According to a final ruling announced by the Department of Labor in September 2017, the hourly minimum wage for employees performing work on or in connection with federal contracts will be raised as of January 1, 2019. For organizations covered by Executive Order 13658, the new rates will be $10.60/hour (from $10.35/hour) and $7.40/hour (from $7.25/hour) for tipped employees.
The increase was determined based on the annual percentage increase in the Consumer Price index for Urban Wage Earners and Clerical Workers (CPI-W), United States city average, all items, not seasonally adjusted, as published by the Bureau of Labor Statistics. The calculation found the CPI-W increased 2.337 percent from the preceding year, which, rounded to the nearest multiple of $0.05, raised the rate to $10.60/hour. Tipped employees were paid at 70% of the minimum wage beginning in January of 2018, so keeping this methodology and rounding to the nearest multiple of $0.05 raises their rate to $7.40/hour. If the worker’s tips combined with this rate do not equal at least $10.60/hour, the contractor must increase the wage to make up the difference.
There are a few exclusions to this rule: FLSA-covered workers who provide support for less than 20 percent of their hours worked in a week to a covered contract may not be entitled to this wage. Some full-time students, apprentices under subminimum wage certificates, certain occupations, and some contracts are exempt from this rule.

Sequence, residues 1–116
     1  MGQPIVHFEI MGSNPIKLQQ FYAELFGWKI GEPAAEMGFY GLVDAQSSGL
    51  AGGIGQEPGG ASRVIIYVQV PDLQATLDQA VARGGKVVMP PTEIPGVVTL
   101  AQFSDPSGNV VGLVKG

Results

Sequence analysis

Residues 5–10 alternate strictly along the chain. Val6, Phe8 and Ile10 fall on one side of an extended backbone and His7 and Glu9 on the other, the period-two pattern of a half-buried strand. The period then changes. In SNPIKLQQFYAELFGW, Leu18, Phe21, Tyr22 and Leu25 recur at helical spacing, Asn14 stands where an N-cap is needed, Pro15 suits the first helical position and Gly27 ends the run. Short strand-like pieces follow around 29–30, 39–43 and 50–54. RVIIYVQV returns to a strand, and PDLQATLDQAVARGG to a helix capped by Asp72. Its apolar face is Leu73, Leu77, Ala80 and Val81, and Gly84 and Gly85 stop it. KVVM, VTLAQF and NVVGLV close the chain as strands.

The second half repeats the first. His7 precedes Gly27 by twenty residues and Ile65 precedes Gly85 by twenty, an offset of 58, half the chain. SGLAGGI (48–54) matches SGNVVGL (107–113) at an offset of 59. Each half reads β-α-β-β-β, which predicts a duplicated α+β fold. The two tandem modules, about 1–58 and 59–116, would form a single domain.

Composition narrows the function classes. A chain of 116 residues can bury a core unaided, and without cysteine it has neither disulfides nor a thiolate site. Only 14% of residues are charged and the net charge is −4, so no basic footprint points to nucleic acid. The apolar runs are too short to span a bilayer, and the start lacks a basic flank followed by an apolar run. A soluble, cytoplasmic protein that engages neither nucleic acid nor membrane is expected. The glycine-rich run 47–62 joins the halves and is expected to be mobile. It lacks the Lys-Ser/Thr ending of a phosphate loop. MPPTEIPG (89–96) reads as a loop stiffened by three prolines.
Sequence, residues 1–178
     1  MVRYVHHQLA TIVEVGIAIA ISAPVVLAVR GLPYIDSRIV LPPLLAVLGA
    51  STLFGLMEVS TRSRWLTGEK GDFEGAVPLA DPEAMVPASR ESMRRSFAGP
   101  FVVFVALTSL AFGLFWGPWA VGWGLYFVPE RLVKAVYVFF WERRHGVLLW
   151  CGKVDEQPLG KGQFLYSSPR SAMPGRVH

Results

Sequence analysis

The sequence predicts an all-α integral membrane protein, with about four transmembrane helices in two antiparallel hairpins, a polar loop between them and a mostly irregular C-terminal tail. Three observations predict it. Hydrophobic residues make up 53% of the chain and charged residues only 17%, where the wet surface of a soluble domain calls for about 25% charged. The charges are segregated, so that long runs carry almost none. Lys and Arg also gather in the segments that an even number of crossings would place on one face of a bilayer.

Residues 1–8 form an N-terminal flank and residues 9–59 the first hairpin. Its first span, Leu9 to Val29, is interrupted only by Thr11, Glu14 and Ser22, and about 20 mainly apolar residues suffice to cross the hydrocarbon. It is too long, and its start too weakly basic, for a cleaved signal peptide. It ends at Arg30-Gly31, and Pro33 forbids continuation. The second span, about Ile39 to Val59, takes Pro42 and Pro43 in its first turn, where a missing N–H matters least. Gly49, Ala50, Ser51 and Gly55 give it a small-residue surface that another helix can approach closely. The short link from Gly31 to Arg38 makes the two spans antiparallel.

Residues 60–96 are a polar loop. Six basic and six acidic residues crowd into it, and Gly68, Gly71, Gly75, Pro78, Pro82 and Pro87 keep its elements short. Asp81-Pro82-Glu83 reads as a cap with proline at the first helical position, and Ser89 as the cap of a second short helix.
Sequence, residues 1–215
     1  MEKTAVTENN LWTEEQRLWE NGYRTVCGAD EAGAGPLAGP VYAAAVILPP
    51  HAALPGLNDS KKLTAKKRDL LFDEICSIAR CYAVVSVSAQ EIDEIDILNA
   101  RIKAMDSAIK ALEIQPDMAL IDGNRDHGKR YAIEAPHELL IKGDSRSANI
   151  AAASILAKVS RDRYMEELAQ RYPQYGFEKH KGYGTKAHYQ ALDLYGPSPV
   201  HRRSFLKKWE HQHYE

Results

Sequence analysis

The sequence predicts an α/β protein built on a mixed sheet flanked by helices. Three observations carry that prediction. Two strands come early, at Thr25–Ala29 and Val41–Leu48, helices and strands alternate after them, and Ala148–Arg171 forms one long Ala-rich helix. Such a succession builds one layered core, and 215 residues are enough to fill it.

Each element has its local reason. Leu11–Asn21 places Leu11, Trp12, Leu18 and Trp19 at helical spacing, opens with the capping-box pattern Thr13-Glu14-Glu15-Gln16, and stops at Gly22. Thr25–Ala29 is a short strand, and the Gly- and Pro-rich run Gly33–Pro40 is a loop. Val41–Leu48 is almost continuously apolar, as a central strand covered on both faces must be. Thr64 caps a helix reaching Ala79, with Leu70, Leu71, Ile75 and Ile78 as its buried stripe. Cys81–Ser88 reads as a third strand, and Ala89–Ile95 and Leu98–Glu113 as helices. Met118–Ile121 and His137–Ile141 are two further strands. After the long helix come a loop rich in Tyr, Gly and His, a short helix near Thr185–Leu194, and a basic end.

Executive Order 13658 went into effect January 1, 2015, establishing the hourly minimum wage for federal workers at $10.10/hour. The Secretary of Labor has discretion to change the rate annually and must provide notice to the public at least 90 days before the rate takes effect. Contracts covered under Executive Order 13658 include the following:
(1) A procurement contract for construction covered by the Davis-Bacon Act (DBA)
(2) A contract for services covered by the Service Contract Act (SCA)
(3) A contract for concessions, including any concessions contract excluded from coverage under the SCA by Department of Labor regulations at 29 CFR 4.133(b)
(4) A contract in connection with federal property or lands and related to offering services for federal employees, their dependents, or the general public
Federal contractors should prepare now for the increase coming in just a few months. Contractors are required to notify workers of the new rate. To review the full document click here.